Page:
Timeline of Abu Sayyaf attacks

The following is a list of attacks which have been carried out by Abu Sayyaf, a militant group based in and around Jolo and Basilan islands in the southwestern part of the Philippines, where for more than four decades, Moro groups have been engaged in an insurgency for an independent province in the country.


  • 23 April – Abu Sayyaf gunmen raid the Malaysian diving resort of Sipadan, off Borneo and flee across the sea border to their Jolo island stronghold with 10 Western tourists and 11 resort workers.
  • 27 May – The kidnappers issue political demands including a separate Muslim state, an inquiry into alleged human rights abuses in Sabah and the restoration of fishing rights. They later demand cash multimillion-dollar ransoms.[citation needed]
  • 1 July – Filipino television evangelist Wilde Almeda of the Jesus Miracle Crusade (JMC) and 12 of his follsited the Abu Sayyaf headquarters.[1] A German journalist is seized the following day.[2]
  • 9 July – A three-member French television crew was abducted.[2]
  • 27 August – French, South African and German hostages are freed.[3]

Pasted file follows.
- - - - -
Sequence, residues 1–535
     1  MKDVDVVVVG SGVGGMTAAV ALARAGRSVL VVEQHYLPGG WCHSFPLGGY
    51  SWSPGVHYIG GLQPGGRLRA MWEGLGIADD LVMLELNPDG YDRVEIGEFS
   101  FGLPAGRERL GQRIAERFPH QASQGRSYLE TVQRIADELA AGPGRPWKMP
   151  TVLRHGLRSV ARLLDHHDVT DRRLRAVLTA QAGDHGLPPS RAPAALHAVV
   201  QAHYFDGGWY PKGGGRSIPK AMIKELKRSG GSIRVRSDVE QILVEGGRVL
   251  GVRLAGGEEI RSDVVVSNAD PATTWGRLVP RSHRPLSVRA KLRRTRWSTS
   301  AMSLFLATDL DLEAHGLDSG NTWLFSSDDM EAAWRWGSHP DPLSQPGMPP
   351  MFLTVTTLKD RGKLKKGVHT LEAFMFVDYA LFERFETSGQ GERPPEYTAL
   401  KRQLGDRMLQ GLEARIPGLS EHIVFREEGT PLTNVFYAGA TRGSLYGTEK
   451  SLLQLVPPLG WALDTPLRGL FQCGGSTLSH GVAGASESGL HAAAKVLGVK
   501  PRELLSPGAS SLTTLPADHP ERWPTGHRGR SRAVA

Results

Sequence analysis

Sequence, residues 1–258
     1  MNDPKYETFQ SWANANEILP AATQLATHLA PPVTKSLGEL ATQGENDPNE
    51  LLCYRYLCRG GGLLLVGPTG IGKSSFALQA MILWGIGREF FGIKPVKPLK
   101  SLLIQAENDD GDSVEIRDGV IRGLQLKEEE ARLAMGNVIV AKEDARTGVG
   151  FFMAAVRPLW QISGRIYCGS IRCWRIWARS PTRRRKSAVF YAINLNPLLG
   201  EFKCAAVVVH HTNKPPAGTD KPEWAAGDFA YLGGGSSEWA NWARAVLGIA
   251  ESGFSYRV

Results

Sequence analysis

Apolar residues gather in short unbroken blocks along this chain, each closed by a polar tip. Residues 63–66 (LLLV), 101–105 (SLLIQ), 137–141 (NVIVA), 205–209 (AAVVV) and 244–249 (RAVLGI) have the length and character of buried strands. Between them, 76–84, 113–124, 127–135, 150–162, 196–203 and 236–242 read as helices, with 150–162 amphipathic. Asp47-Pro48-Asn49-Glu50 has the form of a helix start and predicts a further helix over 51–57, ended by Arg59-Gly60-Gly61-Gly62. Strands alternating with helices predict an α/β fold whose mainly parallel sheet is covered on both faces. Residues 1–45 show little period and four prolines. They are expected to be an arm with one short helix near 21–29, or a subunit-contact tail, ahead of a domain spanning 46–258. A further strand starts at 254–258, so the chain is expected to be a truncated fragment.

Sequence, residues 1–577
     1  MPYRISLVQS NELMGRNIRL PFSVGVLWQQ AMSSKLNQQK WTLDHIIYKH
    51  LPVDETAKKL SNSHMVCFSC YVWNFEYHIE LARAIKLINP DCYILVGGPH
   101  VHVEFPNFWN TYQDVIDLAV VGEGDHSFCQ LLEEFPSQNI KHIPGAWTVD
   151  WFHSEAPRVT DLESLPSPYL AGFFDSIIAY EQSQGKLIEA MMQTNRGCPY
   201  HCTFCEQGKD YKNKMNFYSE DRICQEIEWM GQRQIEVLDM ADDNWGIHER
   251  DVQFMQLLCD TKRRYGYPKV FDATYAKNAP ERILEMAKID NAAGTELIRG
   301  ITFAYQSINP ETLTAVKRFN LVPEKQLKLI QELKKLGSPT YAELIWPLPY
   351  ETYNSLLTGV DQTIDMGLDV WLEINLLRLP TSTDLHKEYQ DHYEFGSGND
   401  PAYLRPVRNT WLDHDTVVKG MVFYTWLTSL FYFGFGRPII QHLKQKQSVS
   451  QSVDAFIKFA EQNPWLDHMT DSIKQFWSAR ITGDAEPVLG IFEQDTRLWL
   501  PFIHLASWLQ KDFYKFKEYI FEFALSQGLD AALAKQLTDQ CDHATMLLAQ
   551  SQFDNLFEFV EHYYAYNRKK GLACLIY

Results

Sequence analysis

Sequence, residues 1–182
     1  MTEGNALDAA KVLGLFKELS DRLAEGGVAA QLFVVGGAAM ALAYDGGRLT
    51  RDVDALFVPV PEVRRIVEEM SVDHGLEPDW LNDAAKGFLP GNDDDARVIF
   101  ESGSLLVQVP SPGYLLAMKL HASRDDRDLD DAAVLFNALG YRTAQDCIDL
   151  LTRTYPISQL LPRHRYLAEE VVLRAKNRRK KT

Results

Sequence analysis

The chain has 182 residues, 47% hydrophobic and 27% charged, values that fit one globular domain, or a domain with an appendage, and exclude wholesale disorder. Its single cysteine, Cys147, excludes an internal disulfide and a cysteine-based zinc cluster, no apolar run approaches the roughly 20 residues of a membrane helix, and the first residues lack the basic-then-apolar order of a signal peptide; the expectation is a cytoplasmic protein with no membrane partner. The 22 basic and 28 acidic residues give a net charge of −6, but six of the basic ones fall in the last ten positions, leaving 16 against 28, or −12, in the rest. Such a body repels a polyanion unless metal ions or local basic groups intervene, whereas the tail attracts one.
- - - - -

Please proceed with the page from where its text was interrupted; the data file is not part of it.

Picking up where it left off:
• 28 August – United States Muslim convert Jeffrey Schilling is abducted.[4]
  • 9 September – Finnish, German and French hostages are freed.[5]
  • 10 September – Abu Sayyaf raids Pandanan island near Sipadan and seizes three Malaysians.[6]
  • 16 September – The government troops launch military assault against Abu Sayyaf in Jolo. Two kidnapped French journalists escape during the fighting.[7]
  • 2 October – JMC Evangelist Wilde Almeda and 12 "prayer warriors" were released.[8]
  • 25 October – Troops rescue the three Malaysians seized in Pandanan.


  • 12 April – Jeffrey Schilling is rescued, leaving Filipino scuba diving instructor, Roland Ullah, in the gunmen's hands.[9][10]
  • 22 May – Suspected Abu Sayyaf gunmen raid the luxurious Pearl Farm beach resort on Samal island in southern Philippines, killing two resort workers wounding three others, but no hostages were taken.[11]
  • 28 May – Suspected Abu Sayyaf gunmen raid the Dos Palmas resort off the western Philippines island of Palawan and seize 18 hostages including a United States couple and former Manila Times owner Reghis Romero. Arroyo rules out ransom and orders the military to go after the kidnappers.[11]
  • 29 May – Malacañang imposes a news blackout in Basilan province where the Abu Sayyaf are reported to have gone.[12]
  • 30 May – United States Department Spokesman Philip Reeker calls for the "swift, safe and unconditional release of all the hostages." An Olympus camera and an ATM card of one of the hostages are found in Cagayan de Tawi-Tawi island. Pictures of Abu Sayyaf leaders are released to media by the Armed Forces of the Philippines.[13]